The Bottomless Well

by Alex Sobel

I remember seeing it, like a birthday candle burned beyond the wick. That day, playing on the lawn, the sky became fire in front of me, the air catching, flames spreading across the clouds.

When I dream, it follows me. I jump over fences, slide through alleys, pivot sharply to avoid the fireball, but it always finds me. Sometimes I know I’m dreaming, know I’m safe.

Still, I run.

Mom was obsessively clean, so in the months after Dad died, it was unsettling to see dishes in the sink, beds unmade, dust gathered. For the first time since I could remember, the house looked messy. It looked lived-in.

It was a ship that crashed. Interstellar, origins unknown. I felt like I deserved to know why, but there was no explanation of purpose, no reason given.

I remember walking out of the funeral home, seeing my uncle Brock, his eyes tilted to the sky.

“I told him to come work with me,” he said, his voice thick, stringy. “I would have taken care of him. Once a baby brother, always one, you know? Should’ve been at my office in the Pointe, far away from the crash. Safe. Here.”

He didn’t look down at me. It was like he was talking to the aliens or the planet they came from or something beyond that. Not to me, not to the fatherless boy who was here on Earth.

The salvage operation was mostly fruitless. They recovered no bodies, just the exterior of the ship and scraps of a calcium-like material that must have functioned like bone. The only evidence was the destruction, the hole it left. And when the clean-up was finished not even six months later, there wasn’t even that.

Dad’s service was only vaguely religious. I never knew if he believed in heaven or if he thought there was nothing after. It’s possible he didn’t believe in anything, didn’t bother. He was the kind of person who participated in life because it was expected of him. Thanksgivings with extended family, grocery store trips, my tee ball games. All things someone told him to do, the basic requirements of living. So he obliged.

God was one more thing to deal with, another boss nipping away at his time and money.

There wasn’t a eulogy. Sometimes when I watch characters in movies give them, I wonder what I would have said, how I would have summed up a life. My father liked sitcoms and Tigers games. He made his own sausage. He once told me his most prized possession was a fishing rod he and his dad had crafted out of bamboo, told me once it was all he had left of his father.

Nothing I could say would seem like enough.

My favorite author wrote a book about the incident, a fictionalized version of the aliens’ journey. In the book, they’re desperate, fleeing from a planet without a future. The reason they haven’t sent anyone else to Earth is that there’s no planet left to send another ship. There’s no one left to come. They’re peaceful, their intentions pure.

Still, they die anyway.

Mom remarried last year. His name is Harvey. His personality is dry, but friendly. A whole room in his house is devoted to Beatles memorabilia. He’s an orthodontist. Whenever he makes a joke, he looks over at Mom to see if she’s smiling.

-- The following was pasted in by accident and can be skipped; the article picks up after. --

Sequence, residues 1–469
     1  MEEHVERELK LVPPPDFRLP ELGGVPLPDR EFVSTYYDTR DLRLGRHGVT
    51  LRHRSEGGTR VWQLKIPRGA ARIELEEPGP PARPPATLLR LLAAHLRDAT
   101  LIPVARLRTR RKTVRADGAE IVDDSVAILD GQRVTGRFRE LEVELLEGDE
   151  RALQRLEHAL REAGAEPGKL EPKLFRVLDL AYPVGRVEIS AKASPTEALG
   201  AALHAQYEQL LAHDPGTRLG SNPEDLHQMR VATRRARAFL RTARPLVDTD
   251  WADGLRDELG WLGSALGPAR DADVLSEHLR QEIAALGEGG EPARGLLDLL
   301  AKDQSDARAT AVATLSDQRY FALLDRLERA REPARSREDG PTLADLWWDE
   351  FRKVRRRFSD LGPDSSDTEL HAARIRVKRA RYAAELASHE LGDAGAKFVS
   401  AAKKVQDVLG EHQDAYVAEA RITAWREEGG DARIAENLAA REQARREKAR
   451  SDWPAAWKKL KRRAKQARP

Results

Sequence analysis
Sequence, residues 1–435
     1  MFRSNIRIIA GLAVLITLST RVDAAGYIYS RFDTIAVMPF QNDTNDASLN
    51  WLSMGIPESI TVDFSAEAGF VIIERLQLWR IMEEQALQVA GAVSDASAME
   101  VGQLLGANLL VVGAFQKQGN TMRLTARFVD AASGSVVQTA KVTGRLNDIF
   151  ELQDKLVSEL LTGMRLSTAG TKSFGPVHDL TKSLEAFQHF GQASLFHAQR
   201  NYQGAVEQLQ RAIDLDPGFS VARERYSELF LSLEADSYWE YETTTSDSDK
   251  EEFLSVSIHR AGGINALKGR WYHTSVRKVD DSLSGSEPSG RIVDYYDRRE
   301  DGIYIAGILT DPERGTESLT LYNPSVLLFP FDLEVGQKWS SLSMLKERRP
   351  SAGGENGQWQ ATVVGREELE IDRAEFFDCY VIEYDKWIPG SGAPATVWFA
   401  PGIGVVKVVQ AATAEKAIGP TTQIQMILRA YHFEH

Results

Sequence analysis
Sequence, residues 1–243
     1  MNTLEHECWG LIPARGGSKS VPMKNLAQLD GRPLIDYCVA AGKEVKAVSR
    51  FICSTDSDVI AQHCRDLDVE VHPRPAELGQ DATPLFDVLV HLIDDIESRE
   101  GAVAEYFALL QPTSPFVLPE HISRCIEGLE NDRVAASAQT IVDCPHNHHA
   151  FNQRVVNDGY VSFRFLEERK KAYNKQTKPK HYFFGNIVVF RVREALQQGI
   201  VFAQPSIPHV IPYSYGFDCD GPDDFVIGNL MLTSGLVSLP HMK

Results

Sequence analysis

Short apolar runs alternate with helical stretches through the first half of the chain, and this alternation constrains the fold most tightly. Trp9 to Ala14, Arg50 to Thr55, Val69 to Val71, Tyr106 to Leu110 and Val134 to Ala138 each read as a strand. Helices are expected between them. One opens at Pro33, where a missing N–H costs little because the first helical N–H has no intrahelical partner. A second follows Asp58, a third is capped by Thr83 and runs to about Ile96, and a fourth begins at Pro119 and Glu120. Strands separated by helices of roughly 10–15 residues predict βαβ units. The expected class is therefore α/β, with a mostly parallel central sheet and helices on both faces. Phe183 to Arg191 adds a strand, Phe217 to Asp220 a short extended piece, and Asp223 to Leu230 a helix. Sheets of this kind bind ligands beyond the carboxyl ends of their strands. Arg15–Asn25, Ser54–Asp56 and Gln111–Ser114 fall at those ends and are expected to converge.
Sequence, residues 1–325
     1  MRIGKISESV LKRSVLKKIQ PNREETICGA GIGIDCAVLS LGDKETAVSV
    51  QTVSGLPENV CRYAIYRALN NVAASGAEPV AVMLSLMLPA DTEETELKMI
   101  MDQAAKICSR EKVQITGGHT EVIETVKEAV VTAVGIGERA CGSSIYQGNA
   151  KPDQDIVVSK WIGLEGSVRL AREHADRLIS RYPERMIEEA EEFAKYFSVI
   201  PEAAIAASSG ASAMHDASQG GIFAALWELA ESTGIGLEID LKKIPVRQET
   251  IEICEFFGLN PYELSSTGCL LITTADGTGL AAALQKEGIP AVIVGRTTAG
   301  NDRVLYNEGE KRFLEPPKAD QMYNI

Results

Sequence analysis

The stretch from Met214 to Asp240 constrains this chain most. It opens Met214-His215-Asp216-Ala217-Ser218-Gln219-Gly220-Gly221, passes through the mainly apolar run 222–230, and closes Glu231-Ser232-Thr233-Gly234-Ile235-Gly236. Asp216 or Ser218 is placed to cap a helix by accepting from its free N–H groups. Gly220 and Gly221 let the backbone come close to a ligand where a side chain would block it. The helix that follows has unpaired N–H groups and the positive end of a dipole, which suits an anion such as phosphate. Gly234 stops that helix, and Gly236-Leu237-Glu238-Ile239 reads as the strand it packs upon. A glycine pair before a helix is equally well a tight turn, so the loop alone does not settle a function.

She always is.

They’re still searching, trying to trace the ship back to its origin, but it feels distant, like dropping a coin down a bottomless well, falling and falling into the darkness forever. And here we are, all waiting to hear the plop of it hitting the water, living our lives as if it’ll happen, as if we just need to wait a little longer.

A few billionaires have sent probes out into space with messages, bits of pop culture. One says, “We come in peace,” in a hundred different languages. Another plays “All You Need Is Love” as soon as it’s opened. Harvey was excited about that one, texted me a link to an article about it. He’s trying to be friends with me. I’m doing my best to let him.

The suit I rented for the wedding was boxy and at least a size too big. It was a hundred degrees out. The woman performing the ceremony pronounced Harvey’s last name wrong. Mom and I danced together to Fleetwood Mac.

It was a good day.

Mom’s selling the house, moving into Harvey’s place. Before the honeymoon, she told me to go to the house, take anything I wanted. “There’s nothing there I need,” she said, grabbing Harvey’s arm, pulling him closer.

The fishing rod was in one of Dad’s toolboxes. The reel was rusted, glued right to the bamboo. I delicately wrapped it in the emergency blanket from my trunk, put it on the passenger seat. I didn’t have a plan for it, but the important part was that it was coming with me, that I wasn’t leaving it behind.

I don’t think Dad was a believer, but I still hope there’s something after this. I hope there’s a heaven. I hope he got in. I hope he saw me take the fishing rod, preserve that little piece of him. I hope he’s proud of me.

Dad was here and then he wasn’t. I’ll miss him.

If I’d given a eulogy, that’s what I would have said.

Driving home from my Mom’s house, I thought about the billionaires’ space probes, traveling into the darkness. I wondered what it would be like if they found something, if there really was something out there waiting for us. I imagine the possibility of a planet, maybe a ship for the probe to meet, an end to the bottomless well. Maybe one day a probe will be opened, maybe “All You Need Is Love” will get its chance to play.

And just maybe there will be someone there to hear it.

Alex Sobel likes bothering his dogs when they’re trying to sleep and dislikes when people eat standing up. His writing has previously appeared in Electric Literature, The Saturday Evening Post Online, Stoneslide Corrective, and The Molotov Cocktail.
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